Loading Events

Thoroughbreds

Directed by: Cory Finley | 2018 | 1h 30m | Unrated

Purchase a ticket

Select your showtime below.

O Cinema Wynwood

90 NW 29th Street, Miami (305) 571-9970

Additional information

• General Admission – $11.00
• Student / Senior / Military – $9.50
• Members – $7.50
All tickets are available online AND at the door.

ALL FILMS START EXACTLY AT THE LISTED TIME, AND ALL TICKET SALES ARE FINAL. NO REFUNDS, NO EXCHANGES, NO EXCEPTIONS.

Two upper-class teenage girls in suburban Connecticut rekindle their unlikely friendship after years of growing apart. Together, they hatch a plan to solve both of their problems — no matter what the cost.

Childhood friends Lily and Amanda reconnect in suburban Connecticut after years of growing apart. Lily has turned into a polished, upper-class teenager, with a fancy boarding school on her transcript and a coveted internship on her resume; Amanda has developed a sharp wit and her own particular attitude, but all in the process of becoming a social outcast. Though they initially seem completely at odds, the pair bond over Lily’s contempt for her oppressive stepfather, Mark, and as their friendship grows, they begin to bring out one another’s most destructive tendencies. Their ambitions lead them to hire a local hustler, Tim, and take matters into their own hands to set their lives straight.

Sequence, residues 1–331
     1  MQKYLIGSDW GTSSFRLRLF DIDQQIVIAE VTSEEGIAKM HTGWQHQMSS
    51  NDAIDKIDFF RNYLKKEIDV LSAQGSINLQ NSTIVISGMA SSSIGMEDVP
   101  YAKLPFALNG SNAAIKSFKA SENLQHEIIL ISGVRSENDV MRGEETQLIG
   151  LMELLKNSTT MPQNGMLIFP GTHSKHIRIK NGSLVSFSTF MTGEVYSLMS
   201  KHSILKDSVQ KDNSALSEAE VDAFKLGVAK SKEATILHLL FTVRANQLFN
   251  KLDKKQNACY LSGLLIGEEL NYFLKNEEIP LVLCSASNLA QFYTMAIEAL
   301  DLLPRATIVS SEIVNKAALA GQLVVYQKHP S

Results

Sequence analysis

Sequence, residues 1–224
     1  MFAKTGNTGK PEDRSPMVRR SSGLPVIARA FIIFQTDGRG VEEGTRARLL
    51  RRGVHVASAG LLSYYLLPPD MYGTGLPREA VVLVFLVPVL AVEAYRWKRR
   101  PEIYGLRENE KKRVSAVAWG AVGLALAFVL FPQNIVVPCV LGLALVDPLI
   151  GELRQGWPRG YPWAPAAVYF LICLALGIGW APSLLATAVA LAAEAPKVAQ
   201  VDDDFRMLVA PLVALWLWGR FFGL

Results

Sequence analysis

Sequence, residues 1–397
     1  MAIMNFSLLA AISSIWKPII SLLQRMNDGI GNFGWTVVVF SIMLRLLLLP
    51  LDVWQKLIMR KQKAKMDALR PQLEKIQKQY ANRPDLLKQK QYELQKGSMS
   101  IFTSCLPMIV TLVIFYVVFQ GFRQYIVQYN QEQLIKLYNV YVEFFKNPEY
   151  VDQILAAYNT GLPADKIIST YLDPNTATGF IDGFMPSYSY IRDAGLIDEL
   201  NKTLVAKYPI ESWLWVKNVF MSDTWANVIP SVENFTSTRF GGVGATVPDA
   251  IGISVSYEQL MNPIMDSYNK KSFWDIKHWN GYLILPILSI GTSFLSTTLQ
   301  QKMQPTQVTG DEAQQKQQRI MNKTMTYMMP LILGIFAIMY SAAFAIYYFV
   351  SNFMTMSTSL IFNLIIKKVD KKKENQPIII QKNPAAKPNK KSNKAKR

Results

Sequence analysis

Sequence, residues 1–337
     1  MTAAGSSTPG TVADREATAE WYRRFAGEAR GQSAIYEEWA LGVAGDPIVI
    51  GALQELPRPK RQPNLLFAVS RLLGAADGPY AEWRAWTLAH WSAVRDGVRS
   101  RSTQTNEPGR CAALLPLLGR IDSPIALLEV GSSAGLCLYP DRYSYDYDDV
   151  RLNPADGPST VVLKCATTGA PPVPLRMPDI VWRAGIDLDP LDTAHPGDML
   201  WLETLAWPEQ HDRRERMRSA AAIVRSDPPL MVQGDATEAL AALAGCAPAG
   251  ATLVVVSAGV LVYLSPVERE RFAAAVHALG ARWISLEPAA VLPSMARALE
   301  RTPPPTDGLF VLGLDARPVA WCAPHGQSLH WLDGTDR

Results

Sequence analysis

“It’s the pair’s bond that helps to make the film more interesting than just a study of wealthy murderousness (though it’s great at that too). It’s also a portrait of female friendship that, despite the dark places it goes to, proves to be oddly touching.”
– THE PLAYLIST

“Ultimately it’s Finley’s sleek and stylish visual language that makes Thoroughbred a must-see, and one of the best surprises out of Sundance. He composes his shots with such precision, control, and confidence.”
– SCREENCRUSH

“Thoroughbred is a dark and pointed piece of work that depends on the delicacy with which someone can thread the needle between Hitchcockian suspense and capitalistic venom, and Finley — adapting his own play to the screen — demonstrates a cinematic authority that eludes many filmmakers who have worked in the medium for decades.”
– INDIEWIRE